(2,-2.8559703)
(3,-3.5301677)
(4,-4.3050655)
(5,-5.1413136)
(6,-6.0322865)
(7,-6.9675052)
(8,-7.9377747)
};
\end{axis}
\end{tikzpicture}

\end{document}

Again, I use latexmk to compile the code and evince to open the PDF.

latexmk -pdf plot_points.tex
evince plot_points.pdf &

The plotted function looks like this (and like this in PDF): Finally, I’m going to draw a saddle surface. This is an example of hyperbolic geometry, a non-Eucledian geometry where the postulate of parallel lines doesn’t hold. Popular examples of hyperbolic geometry are the Pringles crisps and print works by the Dutch artist M. C. Escher. So here is the LaTeX code to generate a saddle surface:

\documentclass[border=2pt]{standalone}
\usepackage{pgfplots}

\pagestyle{empty}

\usepgfplotslibrary{patchplots}

\begin{document}
\begin{tikzpicture}
\begin{axis}
table[z expr=x^2-y^2]
{
x  y
-2 -2
2  -2
2  2
-2 2
0  -2
2  0
0  2
-2 0
0  0
};
\end{axis}
\end{tikzpicture}
\end{document}

As usual, I compile it with latexmk and open it with evince.

latexmk -pdf saddle.tex
evince saddle.pdf &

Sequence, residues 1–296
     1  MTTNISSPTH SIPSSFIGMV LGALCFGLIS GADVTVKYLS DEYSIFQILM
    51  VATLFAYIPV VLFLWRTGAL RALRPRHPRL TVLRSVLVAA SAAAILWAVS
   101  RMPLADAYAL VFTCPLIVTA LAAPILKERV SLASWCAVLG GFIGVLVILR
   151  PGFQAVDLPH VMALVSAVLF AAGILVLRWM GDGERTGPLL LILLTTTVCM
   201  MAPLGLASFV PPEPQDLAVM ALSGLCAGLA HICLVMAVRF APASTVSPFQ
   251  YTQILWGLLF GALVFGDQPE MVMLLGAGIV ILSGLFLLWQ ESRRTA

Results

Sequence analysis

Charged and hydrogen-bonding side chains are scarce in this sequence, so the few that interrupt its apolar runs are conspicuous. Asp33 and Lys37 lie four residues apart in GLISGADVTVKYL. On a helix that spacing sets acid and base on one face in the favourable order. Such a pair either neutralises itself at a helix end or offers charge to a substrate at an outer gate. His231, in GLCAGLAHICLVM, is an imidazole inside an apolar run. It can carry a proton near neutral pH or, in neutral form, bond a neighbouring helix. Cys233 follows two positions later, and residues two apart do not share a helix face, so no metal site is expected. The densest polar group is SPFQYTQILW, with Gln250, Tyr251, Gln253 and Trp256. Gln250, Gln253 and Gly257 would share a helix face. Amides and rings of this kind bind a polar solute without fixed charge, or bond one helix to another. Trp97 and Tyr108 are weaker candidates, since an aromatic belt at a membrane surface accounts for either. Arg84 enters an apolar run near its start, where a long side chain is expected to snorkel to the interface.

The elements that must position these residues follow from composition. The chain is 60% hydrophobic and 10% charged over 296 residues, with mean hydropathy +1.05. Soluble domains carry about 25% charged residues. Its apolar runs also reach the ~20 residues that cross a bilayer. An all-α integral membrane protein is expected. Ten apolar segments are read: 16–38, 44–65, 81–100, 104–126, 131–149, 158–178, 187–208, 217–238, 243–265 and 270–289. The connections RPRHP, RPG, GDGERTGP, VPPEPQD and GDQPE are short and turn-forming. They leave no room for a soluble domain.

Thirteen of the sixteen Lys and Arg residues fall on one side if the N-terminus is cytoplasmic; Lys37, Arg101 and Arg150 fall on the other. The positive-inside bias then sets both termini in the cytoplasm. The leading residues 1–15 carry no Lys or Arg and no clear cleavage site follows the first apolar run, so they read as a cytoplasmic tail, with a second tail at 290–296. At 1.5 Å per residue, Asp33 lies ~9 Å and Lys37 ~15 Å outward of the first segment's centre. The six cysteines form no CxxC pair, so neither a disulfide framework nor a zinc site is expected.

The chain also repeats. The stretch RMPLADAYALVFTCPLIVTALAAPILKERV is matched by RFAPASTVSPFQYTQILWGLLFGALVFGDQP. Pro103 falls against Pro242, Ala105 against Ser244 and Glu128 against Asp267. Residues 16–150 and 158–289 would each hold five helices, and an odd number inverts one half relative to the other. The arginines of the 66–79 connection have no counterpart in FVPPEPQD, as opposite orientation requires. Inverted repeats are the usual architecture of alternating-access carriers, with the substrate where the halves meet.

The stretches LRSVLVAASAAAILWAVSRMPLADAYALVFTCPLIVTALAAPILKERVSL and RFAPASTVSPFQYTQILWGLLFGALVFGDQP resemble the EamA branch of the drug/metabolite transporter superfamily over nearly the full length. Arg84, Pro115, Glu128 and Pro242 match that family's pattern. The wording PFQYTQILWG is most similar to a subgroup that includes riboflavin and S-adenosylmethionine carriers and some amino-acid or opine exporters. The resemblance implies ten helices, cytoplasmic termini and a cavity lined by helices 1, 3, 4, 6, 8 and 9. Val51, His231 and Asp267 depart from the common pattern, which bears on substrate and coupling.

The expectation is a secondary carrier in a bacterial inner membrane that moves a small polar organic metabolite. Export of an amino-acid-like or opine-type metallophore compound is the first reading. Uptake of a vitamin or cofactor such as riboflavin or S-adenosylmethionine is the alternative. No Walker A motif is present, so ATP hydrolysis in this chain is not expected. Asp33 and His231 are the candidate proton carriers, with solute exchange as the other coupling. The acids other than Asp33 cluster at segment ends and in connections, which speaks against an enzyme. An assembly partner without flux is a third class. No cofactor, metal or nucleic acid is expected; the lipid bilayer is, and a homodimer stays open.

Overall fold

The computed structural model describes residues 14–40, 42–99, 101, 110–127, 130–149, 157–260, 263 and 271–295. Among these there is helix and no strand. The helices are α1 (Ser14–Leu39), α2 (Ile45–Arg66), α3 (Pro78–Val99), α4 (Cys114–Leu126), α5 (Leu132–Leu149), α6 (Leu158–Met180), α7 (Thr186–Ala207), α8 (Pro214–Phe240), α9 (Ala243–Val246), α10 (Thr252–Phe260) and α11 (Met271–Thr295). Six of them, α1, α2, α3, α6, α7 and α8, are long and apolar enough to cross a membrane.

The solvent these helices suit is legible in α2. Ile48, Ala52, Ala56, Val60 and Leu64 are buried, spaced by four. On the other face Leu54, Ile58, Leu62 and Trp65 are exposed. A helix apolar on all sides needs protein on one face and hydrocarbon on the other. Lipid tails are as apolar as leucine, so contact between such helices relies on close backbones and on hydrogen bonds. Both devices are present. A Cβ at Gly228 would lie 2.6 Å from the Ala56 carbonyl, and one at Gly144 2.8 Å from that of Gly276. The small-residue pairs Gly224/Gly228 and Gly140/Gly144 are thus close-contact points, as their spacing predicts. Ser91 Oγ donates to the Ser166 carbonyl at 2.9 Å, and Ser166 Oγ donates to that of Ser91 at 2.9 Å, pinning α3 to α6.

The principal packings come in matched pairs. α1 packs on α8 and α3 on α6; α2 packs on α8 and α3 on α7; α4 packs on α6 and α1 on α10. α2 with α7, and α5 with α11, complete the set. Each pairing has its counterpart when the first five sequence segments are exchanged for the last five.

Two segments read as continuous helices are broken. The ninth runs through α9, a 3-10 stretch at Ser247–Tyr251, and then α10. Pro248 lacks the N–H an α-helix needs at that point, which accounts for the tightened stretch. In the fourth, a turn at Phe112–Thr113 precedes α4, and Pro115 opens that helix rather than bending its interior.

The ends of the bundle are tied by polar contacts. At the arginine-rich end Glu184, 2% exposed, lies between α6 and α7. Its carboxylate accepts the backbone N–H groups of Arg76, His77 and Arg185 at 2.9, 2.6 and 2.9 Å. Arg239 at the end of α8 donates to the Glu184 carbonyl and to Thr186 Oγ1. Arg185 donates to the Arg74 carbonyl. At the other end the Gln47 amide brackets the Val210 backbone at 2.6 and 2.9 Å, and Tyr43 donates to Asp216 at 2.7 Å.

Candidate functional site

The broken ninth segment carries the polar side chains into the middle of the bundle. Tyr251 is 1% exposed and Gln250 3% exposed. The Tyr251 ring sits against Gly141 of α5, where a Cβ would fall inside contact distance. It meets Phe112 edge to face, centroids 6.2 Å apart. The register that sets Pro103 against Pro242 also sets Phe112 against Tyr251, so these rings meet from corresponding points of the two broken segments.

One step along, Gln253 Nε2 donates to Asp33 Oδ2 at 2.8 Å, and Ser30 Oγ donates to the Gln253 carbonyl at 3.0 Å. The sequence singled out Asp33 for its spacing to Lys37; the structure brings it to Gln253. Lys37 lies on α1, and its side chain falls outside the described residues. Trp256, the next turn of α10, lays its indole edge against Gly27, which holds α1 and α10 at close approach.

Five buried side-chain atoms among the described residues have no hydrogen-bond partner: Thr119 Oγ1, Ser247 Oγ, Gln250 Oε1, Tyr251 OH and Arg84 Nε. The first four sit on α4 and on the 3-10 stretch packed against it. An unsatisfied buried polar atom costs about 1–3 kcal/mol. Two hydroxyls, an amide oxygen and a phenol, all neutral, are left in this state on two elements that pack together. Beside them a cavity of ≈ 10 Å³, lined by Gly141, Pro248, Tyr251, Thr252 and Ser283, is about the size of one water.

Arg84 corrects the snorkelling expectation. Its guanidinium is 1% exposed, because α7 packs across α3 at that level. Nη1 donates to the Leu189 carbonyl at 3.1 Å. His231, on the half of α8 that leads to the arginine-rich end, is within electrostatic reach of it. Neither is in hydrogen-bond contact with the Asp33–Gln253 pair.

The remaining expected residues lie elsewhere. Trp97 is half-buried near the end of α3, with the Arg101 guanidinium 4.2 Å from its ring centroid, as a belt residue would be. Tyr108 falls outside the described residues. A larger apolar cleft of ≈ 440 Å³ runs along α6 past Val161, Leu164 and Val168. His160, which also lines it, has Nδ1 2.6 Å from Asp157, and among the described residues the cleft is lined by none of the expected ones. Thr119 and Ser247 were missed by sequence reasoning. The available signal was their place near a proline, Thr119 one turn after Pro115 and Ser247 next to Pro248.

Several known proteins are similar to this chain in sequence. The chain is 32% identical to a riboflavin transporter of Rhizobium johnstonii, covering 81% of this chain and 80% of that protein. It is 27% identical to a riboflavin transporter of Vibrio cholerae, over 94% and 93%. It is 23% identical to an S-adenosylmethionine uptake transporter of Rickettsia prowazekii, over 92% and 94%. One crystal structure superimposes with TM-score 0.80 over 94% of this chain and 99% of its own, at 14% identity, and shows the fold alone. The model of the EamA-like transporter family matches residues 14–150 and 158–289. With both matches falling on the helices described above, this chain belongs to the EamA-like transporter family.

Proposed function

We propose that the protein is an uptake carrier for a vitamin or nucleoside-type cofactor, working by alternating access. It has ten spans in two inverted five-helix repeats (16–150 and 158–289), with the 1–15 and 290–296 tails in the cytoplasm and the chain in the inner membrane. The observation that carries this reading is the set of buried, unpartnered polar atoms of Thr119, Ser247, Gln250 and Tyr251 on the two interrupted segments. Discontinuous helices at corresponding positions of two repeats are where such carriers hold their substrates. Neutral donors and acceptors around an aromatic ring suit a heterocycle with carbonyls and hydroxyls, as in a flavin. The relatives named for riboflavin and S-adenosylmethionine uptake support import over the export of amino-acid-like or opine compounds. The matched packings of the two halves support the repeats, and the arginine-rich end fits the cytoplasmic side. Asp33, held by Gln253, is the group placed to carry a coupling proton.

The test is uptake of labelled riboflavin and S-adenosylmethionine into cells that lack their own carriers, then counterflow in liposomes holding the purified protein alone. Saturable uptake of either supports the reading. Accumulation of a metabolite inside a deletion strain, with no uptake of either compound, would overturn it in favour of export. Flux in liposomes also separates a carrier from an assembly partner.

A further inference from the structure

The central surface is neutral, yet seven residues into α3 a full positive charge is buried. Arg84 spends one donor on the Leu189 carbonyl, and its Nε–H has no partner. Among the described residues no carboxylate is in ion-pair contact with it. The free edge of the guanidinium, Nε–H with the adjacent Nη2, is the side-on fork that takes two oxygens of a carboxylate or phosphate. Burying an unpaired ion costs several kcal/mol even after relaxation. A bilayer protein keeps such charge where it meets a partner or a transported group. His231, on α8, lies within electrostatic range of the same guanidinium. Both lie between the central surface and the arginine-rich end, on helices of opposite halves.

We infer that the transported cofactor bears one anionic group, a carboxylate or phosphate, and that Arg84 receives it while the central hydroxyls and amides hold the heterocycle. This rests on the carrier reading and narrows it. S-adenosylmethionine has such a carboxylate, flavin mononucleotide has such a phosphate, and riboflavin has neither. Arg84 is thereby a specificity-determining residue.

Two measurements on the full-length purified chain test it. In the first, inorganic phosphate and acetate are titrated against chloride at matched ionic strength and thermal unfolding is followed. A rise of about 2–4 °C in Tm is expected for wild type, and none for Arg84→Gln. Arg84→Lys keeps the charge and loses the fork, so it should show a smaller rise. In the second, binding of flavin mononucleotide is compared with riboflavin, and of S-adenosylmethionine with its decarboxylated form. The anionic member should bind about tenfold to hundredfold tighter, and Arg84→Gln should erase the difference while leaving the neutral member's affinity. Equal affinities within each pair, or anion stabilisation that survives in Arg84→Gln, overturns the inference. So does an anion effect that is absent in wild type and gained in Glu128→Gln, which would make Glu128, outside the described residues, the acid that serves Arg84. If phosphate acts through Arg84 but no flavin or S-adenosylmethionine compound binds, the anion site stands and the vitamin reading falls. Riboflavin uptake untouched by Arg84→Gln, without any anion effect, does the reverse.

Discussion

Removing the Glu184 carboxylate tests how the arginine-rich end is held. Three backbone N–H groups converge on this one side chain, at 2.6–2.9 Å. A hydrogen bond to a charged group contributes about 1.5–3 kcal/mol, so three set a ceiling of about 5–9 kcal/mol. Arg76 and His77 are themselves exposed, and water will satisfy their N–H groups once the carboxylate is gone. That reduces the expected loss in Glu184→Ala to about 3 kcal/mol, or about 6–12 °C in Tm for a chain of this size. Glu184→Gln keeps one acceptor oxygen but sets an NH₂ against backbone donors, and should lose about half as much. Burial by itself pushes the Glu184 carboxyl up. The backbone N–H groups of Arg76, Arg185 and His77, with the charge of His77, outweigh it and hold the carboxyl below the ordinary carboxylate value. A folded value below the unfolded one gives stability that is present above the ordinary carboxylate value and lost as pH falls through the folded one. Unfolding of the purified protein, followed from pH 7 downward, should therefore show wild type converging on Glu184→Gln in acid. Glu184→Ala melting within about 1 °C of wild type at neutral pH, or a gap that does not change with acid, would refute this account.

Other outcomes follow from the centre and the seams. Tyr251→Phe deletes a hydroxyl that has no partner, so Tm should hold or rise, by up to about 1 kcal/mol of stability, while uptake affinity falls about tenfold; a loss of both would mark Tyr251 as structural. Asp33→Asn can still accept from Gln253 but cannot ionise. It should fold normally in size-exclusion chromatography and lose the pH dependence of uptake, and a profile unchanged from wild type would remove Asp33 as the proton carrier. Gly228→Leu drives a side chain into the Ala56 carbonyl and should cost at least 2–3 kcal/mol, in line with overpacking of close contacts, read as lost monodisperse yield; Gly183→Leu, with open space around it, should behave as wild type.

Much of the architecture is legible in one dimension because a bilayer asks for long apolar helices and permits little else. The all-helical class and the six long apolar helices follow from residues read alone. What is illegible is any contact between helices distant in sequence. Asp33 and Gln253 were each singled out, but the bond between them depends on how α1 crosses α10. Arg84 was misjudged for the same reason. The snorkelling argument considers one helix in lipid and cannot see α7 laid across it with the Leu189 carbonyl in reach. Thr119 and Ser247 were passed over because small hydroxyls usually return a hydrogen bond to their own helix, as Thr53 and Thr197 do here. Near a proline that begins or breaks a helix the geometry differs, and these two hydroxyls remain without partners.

And here is the beautiful saddle surface (and here is the associated PDF):

Sources:

Mihalis Tsoukalos, LaTeX: Make text beautiful, Linux Format 201, Summer 2015

http://pgfplots.sourceforge.net/gallery.html

# How to draw fractals in LaTeX Fractals are mathematical sets showing a repeating pattern at every scale. Fractal patterns are fascinating and are commonly found in nature, for example in cauliflowers, broccoli, lungs, or trees.

LaTeX can generate complex fractals with few lines of code but needs some packages to do that. So let’s prepare the LaTeX environment from scratch by installing all the necessary packages (and prepare a cup of coffee in the meantime):

sudo apt-get install latex209-base latex209-bin latexmk texlive-full texlive-math-extra texlive-extra-utils texlive-generic-extra texlive-latex-extra

The standalone package needs to be installed manually as it is not currently present in the Ubuntu repositories:

# navigate to your local texmf folder (could also be ~/texmf or ~/.texmf)
cd ~/.texmf-var
wget  http://mirrors.ctan.org/install/macros/latex/contrib/standalone.tds.zip
# unzip it in the texmf folder